Film

‘Fifty Shades Darker’ Review: Let’s Talk About (Very Odd And Funny) Sex, Baby!

This sequel might have doubled down on the silly.

Fifty Shades of Grey felt like a boat being pulled in several different directions.

Dakota Johnson’s disarmingly comedic performance as literature-loving ingénue Anastasia Steele worked across director Sam Taylor-Johnson’s focus on chic interiors and arty sex montages. But this was at war with author EL James’s fawning commodity fetishism and cringingly reductive depiction of BDSM as a signifier of both psychic trauma (for Christian Grey) and sexual awakening (for Anastasia, his contracted submissive). Caught in the crossfire, Jamie Dornan seemed genuinely uncertain how to play the controlling young tycoon.

Now James has snatched the tiller of her precious franchise from Taylor-Johnson and screenwriter Kelly Marcel, in the same way Anastasia gleefully steers Christian’s luxury yacht yelling, “I’m the captain!”. Having hired her own husband, Niall Leonard, as screenwriter, and reliable journeyman James Foley as director, James wallows in her own vision for Fifty Shades Darker.

Foley keeps the palette of the earlier film, but settles into the kind of framing and cutting I remember from 1980s erotic thrillers. This sequel definitely fails to be ‘darker’, but it has become enjoyably unmoored from realism to inhabit a soap-opera world of scowls, nebulous threats and unalloyed wealth porn.

Darker is also funnier than Grey: both intentionally, as Dornan discovers a goofiness to match Johnson’s deadpan wit; and inadvertently, as it consists largely of grandiose gestures and tin-eared dialogue. At one point, Anastasia tells Christian, “I was being romantic and then you go and distract me with your kinky fuckery.”

I guess it’s straight to the point.

Anastasia In Wonderland

Bookish Anastasia is now working for a publishing house, and Darker seems uncertain about what this actually involves. But she’s the PA to commissioning editor and habitual workplace sexual harasser Jack Hyde (Eric Johnson). His name alone should’ve been a red flag; but it takes Ana half the movie to figure out what her co-worker Hannah (Ashleigh LaThrop) instantly side-eyes.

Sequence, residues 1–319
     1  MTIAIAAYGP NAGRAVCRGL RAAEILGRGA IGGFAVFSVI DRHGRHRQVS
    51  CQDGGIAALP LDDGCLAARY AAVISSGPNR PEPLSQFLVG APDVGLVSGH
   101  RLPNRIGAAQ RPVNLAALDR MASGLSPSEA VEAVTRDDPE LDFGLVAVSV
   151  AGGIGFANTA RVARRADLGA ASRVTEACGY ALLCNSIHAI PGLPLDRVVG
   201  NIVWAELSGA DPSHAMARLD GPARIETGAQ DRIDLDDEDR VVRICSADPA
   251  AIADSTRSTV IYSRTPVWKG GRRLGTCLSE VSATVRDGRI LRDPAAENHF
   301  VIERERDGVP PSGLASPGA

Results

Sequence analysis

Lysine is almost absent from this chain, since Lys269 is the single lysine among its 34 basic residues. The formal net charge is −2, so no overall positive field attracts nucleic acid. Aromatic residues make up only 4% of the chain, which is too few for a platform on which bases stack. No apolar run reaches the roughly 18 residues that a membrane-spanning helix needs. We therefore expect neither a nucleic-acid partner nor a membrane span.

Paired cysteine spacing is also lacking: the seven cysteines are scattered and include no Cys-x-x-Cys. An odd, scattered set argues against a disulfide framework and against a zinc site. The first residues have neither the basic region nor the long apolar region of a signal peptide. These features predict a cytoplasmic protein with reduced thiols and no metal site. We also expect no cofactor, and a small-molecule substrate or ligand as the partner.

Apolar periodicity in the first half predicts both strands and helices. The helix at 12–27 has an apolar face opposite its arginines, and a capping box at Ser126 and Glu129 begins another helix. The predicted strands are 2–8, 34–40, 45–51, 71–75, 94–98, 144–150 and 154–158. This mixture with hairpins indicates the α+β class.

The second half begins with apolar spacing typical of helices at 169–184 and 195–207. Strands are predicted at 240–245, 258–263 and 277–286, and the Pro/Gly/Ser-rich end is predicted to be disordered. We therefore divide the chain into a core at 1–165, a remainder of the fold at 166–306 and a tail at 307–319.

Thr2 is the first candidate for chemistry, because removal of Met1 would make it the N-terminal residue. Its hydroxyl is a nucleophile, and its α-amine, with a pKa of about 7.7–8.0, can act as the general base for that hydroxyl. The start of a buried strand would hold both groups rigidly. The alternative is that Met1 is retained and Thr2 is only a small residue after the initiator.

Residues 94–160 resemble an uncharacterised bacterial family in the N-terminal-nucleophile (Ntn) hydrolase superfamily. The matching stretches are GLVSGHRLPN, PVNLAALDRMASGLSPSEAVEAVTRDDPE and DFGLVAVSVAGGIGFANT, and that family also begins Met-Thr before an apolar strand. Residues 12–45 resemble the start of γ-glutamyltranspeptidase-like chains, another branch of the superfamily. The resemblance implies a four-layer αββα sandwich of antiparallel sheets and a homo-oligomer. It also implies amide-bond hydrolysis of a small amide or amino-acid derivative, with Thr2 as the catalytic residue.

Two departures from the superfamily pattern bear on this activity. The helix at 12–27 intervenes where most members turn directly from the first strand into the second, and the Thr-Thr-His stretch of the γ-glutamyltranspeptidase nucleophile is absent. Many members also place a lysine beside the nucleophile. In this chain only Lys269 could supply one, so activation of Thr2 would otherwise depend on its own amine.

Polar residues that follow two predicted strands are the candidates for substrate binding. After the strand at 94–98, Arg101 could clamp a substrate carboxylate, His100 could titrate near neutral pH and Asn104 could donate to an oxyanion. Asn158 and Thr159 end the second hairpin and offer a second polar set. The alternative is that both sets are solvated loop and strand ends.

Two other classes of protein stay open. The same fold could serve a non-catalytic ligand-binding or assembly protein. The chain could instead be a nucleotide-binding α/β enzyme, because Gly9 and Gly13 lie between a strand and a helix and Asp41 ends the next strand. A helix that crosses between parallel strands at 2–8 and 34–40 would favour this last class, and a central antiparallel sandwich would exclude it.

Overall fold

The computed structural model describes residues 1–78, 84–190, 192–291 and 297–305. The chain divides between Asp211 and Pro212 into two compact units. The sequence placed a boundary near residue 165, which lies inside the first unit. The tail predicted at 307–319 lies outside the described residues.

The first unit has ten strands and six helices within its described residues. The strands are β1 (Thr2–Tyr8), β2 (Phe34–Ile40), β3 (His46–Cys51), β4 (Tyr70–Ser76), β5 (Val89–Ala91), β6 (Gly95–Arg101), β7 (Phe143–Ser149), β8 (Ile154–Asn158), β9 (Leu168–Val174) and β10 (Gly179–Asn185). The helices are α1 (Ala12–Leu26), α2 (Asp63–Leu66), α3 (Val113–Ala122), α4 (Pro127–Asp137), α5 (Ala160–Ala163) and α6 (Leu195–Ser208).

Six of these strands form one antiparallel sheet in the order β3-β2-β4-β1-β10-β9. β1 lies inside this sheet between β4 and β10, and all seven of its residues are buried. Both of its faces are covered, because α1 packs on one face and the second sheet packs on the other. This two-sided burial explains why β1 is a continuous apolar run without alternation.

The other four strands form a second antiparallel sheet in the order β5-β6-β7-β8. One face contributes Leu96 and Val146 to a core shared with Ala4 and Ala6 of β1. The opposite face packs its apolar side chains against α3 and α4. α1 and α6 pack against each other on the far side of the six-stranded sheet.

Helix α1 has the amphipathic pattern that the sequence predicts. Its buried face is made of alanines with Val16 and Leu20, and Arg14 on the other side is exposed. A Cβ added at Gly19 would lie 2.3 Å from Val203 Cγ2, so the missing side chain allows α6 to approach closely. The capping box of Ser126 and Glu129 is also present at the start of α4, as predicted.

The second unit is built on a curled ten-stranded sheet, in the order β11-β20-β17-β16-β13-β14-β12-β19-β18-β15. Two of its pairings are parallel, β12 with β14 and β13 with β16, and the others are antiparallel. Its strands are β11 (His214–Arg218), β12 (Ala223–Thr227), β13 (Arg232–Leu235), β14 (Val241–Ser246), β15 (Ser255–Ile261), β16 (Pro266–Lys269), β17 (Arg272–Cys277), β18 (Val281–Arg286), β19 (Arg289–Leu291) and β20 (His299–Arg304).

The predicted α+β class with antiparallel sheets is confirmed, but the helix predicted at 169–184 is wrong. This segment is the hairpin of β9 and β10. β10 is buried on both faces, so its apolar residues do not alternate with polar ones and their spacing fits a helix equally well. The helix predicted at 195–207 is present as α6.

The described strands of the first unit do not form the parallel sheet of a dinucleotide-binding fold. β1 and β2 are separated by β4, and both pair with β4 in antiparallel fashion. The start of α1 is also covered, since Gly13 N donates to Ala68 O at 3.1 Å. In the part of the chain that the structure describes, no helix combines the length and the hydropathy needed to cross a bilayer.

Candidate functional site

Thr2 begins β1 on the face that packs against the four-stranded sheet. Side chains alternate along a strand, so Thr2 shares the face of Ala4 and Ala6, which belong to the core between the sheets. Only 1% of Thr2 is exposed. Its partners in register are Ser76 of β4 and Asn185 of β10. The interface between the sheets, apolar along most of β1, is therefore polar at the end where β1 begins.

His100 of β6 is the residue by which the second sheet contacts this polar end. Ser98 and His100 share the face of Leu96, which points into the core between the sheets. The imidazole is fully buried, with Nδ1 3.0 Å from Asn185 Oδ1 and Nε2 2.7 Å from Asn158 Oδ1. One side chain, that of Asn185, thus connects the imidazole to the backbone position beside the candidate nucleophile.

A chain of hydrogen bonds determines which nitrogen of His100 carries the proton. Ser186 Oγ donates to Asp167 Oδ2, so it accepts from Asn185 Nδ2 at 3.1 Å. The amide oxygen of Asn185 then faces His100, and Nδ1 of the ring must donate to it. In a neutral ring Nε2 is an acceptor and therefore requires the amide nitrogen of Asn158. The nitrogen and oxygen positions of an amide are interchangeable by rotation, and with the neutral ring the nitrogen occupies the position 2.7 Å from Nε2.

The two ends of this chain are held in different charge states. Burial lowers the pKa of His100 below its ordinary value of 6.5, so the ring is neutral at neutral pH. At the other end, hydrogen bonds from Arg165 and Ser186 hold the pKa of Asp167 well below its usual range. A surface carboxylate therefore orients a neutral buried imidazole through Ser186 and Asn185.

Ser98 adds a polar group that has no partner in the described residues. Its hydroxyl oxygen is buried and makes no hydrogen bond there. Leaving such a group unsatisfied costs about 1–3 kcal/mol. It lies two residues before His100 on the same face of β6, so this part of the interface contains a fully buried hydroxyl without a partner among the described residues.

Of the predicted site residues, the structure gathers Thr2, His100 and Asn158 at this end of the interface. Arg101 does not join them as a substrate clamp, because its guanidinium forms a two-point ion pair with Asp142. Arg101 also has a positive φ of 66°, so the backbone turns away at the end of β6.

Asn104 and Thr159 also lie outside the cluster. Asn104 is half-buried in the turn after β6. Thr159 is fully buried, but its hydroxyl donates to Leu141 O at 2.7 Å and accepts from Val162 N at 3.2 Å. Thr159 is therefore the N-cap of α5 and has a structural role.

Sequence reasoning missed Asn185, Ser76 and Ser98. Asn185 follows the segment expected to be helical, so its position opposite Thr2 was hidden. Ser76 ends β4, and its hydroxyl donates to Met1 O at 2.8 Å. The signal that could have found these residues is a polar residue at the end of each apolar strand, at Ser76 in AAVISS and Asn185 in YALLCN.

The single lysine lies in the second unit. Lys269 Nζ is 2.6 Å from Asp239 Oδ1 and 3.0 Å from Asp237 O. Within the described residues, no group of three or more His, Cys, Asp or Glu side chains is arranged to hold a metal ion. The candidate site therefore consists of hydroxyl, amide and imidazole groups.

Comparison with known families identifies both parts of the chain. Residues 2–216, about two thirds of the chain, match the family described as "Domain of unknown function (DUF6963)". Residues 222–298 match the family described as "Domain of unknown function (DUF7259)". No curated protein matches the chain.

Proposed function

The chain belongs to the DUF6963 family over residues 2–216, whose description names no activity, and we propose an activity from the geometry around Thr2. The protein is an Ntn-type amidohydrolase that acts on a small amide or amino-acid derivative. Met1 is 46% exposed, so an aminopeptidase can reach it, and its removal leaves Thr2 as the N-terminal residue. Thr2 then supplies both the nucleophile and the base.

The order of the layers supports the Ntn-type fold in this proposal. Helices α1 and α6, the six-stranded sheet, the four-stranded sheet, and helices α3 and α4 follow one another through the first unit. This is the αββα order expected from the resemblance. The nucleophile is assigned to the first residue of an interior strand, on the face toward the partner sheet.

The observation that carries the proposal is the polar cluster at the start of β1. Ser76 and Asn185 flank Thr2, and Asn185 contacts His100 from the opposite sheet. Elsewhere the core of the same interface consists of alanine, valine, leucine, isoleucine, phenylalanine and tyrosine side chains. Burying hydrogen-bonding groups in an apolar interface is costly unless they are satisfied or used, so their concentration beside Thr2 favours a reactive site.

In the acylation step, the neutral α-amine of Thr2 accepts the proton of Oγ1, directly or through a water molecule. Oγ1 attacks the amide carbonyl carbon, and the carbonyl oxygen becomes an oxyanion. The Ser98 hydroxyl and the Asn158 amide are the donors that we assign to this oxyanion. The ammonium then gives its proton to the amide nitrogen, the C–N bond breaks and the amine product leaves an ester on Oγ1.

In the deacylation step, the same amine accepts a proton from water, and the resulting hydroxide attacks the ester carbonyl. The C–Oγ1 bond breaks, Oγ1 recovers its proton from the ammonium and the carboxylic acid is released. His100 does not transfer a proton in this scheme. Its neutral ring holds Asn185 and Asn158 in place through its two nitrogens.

Hannah is a person of colour, which in the Fifty Shades universe means she understands the rules but doesn’t benefit from them. Likewise, Ana’s photographer friend José (Victor Rasuk) helplessly watches a rich white dude effortlessly woo the girl he’s been gnawingly crushing on. And Christian’s colleague Ros (Robinne Lee), who does most of the actual work at Grey Enterprises while Christian’s busy texting Ana in a bid to control her life, gets to crash in a helicopter.

Fifty Shades Darker is being marketed as a ‘serious’ psychological thriller. It introduces two female antagonists for Ana: Leila (Bella Heathcote), Christian’s broken former submissive; and Elena (Kim Basinger), the ‘Mrs Robinson’ figure who groomed Christian and still believes she knows him best. But this film isn’t interested in real violence. Foley shoots a sinister scene in an underground car park as if to reveal a murder — but the ‘victim’ is only Ana’s vandalised car. And there’s no dramatic heft whatsoever to the helicopter crash, which of course Christian must survive in order to make Fifty Shades Freed.

One delightfully campy confrontation between Elena and Christian’s mum Grace (Marcia Gay Harden) even reminded me of Krystle and Alexis Carrington’s cat-fights from ’80s soap Dynasty. These sagas are often set among the super-rich, because extreme wealth entitles people to create their own consequence-free wonderlands. Their choices don’t have to make sense. They only say I have the power.